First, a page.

New England was 4-1 against playoff teams, and 6-3 against above-.500 clubs.

But it was far from a wash.

The Seahawks played a lot of teams this year that started second- or third-string quarterbacks, because of season-ending injuries to the No. 1s.

Check this out. After impressively crushing Green Bay 36-16 in the game that kicked off the 2014 NFL season, the Seahawks played only four more teams that started their No. 1 QB against them and which would finish with a winning record.

Seattle lost to three of those teams (to San Diego 30-21, to Dallas 30-23 and to Kansas City 24-20), and beat the other only in overtime (Denver 26-20).

The Seahawks needed a blocked-punt return for a TD and a gift TD scored after the recovery of a muffed punt by the Cowboys at their 10 to not have been blown right out of their own stadium.

SUPERIn the playoffs, the Seahawks needed QB Russell Wilson (left) to have probably his best passing performance as a pro to eventually pull away from 7-8-1 Carolina in the NFC divisional playoffs, 31-17, then required a once-a-decade miracle comeback plus overtime to beat banged-up Aaron Rodgers and the Packers, 28-22.

New England, meantime, rebounded from a 41-14 shellacking at Kansas City on the last Monday in September to do this to winning teams starting a No. 1 quarterback:

Beat Cincinnati, 43-17.

Beat Buffalo, 37-22.

Beat Denver, 43-21.

Beat Indianapolis, 42-20.

Beat Detroit, 34-9.

Lost at Green Bay, 26-21.

Beat San Diego, 23-14.

And lost to Buffalo 17-9, in a meaningless season finale in which the Patriots either rested or briefly played many key starters.

In two playoff wins in January, New England scored 80 points, coming back to beat Baltimore 35-31 and destroying Indy 45-7.

The inescapable conclusion is that the Patriots have been the far more dominant team against good opposition this season than the Seahawks.

 

3. BELICHICK WON’T TURTLE

SUPERThink Bill would shut his offence down after halftime, as Packers head coach Mike McCarthy did, up 16-0 at Seattle in the NFC title game? Of course not.

You don’t run up such large margins of victories against good teams as New England did this year without a cut-throat mentality.

If the Patriots get ahead, they won’t be content to stop playing hurry-up, as the Packers did in the second half even though it proved so successful in the first half.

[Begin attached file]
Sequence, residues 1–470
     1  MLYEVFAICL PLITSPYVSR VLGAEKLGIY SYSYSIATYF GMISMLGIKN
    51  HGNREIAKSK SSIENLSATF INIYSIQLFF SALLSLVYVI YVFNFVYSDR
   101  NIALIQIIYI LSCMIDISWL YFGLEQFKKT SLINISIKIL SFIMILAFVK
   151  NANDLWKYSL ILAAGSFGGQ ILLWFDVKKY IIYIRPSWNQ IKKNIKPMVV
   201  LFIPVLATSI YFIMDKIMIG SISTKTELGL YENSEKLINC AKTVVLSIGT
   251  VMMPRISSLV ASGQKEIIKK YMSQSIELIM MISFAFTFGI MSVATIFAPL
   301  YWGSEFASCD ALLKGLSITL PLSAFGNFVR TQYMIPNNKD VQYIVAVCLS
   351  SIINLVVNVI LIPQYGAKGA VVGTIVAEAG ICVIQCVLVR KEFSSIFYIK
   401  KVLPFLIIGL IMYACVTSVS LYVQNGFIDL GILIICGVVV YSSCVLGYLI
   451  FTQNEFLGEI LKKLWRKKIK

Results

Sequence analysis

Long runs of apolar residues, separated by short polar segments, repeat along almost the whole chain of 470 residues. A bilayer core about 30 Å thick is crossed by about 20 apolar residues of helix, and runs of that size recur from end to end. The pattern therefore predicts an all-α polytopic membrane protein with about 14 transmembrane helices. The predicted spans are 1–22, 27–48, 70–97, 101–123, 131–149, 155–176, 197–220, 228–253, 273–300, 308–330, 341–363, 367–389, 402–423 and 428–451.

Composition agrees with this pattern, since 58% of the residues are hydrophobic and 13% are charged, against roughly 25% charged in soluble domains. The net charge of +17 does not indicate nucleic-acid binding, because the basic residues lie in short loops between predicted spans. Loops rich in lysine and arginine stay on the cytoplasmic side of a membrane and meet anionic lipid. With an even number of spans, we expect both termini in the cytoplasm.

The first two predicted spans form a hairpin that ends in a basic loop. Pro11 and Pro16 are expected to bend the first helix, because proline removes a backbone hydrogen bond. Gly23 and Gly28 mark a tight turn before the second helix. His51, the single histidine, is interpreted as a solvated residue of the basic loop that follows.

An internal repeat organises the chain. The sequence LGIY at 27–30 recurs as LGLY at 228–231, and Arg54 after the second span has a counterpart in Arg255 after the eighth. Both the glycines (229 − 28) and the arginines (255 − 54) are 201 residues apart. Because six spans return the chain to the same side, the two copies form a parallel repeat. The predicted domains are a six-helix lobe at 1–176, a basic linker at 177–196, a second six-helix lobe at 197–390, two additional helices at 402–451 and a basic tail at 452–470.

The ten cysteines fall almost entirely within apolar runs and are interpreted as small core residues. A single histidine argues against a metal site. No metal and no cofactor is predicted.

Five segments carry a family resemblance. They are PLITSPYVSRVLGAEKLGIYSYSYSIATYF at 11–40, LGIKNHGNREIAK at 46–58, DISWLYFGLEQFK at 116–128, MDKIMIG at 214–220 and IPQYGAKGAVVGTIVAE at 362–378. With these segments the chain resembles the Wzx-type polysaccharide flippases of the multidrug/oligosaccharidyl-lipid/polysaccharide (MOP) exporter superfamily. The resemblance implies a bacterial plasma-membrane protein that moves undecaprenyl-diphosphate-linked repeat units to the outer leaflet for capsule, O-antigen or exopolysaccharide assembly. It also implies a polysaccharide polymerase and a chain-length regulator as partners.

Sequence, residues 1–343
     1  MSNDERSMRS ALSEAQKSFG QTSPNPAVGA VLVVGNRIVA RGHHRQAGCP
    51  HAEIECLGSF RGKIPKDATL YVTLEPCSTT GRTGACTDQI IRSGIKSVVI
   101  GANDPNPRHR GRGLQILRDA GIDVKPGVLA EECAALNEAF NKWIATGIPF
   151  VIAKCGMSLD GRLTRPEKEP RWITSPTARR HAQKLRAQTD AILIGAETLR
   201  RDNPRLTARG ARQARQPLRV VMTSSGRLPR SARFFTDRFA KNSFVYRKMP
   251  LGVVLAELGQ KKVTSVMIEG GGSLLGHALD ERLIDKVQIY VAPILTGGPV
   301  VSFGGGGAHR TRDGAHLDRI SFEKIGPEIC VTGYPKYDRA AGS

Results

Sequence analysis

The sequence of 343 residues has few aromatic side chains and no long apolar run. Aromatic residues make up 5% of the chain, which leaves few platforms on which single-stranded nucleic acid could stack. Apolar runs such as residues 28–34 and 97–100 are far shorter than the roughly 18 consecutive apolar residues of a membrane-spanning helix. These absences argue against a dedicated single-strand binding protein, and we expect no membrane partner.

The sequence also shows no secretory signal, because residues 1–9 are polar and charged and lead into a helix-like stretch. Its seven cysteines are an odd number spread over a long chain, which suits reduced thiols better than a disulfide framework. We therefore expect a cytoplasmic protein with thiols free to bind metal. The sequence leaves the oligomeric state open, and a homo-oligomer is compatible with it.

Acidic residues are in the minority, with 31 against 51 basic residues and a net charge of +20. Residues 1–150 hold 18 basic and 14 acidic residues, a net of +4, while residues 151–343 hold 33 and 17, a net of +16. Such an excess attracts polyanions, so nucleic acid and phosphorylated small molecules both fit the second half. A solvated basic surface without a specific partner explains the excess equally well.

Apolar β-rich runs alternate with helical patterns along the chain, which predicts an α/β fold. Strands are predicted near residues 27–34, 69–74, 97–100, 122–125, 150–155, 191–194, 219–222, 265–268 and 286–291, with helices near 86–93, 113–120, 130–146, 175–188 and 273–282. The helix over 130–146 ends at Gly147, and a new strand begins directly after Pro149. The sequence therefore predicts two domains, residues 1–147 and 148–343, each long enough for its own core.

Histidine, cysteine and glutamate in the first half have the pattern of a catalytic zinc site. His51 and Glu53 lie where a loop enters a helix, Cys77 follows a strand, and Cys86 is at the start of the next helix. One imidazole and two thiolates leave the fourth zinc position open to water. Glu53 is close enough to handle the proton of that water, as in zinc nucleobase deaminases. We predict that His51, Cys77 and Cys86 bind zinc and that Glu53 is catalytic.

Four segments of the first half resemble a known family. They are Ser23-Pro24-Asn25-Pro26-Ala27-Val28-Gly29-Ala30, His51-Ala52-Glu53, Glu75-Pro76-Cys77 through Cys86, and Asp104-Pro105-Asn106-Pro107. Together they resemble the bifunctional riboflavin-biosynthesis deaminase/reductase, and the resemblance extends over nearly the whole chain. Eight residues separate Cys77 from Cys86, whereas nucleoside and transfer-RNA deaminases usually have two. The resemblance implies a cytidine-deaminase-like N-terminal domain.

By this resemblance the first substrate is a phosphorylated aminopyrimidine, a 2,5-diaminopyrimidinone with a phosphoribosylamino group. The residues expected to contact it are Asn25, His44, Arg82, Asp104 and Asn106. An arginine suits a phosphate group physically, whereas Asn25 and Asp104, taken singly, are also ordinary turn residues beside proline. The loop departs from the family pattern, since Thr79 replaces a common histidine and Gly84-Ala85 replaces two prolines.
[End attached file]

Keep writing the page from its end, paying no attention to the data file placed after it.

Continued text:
Belichick and Brady keep swinging until delivering knockout blows.

 

4. LEGION OF BOO-BOOS

Three-quarters of Seattle’s Legion of Boom secondary, at best, will play the Super Bowl slightly banged up. To what degree will their injuries hamper them against Brady and Co.?

SUPERAll-pro cornerback Richard Sherman (left) dislocated his left elbow against Green Bay two weeks ago. Apparently he’s fine now.

All-pro deep safety Earl Thomas dislocated his left shoulder two weeks ago. He hasn’t had to tackle anybody since the fourth quarter against the Packers.

And second-team all-pro strong safety Kam Chancellor limped away from practice just on Friday, after slipping and hurting a knee. He’s listed as probable to play Sunday.

If any of them aren’t playing up to their usual abilities, the Patriots coaches and Brady will surely notice soon enough, and exploit the opportunity.

 

5. PATRIOTS CAN RUN IT, TOO

Ask the Indianapolis Colts about that. In two games against New England this year the Colts surrendered a combined 423 yards on the ground.

LeGarrette Blount, Shane Vereen, Brandon Bolden and Jonas Gray form an under-rated running-back-by-committee. All they need to do is gain enough yards to keep the Seahawks defence not thinking pass-only.

But there’s this, too. At times this season the Seahawks’ great defence did prove vulnerable against the run. Especially when teams ran straight at them, because it nullifies their incredible east-west speed.

Six times during the regular season the Seahawks allowed 100-plus rushing yards. They lost four of those games: at San Diego, to Dallas, at St. Louis and at Kansas City.

Expect the Patriots to run right at the Seahawks, and be successful enough at it to win Super Bowl XLIX.

 

 

Blandino: NFL consults with CFL to see how adding PI calls to video reviews went over in 2014

PHOENIX, Ariz. – The NFL has been in touch with the CFL about how video reviews for pass-interference calls went over in 2014.

Dean Blandino, the NFL’s vice-president of officiating, told Sun Media after Thursday’s football-operations news conference here at Super Bowl XLIX that he has talked with his counterpart north of the border about the matter of adding PI calls to video reviews.

“Yeah, I talked to Glen Johnson, who is (the CFL’s) head of officiating, and we’ve had conversations,” Blandino said. “And he has sent me the video, because it’s something that we’ll review with our committee.

“That’s something we can take and say, ‘Hey, that’s something they’re looking at it and let’s review.’”

According to Sun Media colleague Kirk Penton, CFL coaches challenged 55 pass-interference calls or non-calls in the 18-game 2014 season. Overturns occurred 17 times, or 31% of the time.

Coaches, players, executives and fans all seemed to be happy with the results.

‘Yeah,” Blandino said. “They seem to. I think the coaches appreciated the ability to at least challenge those calls.”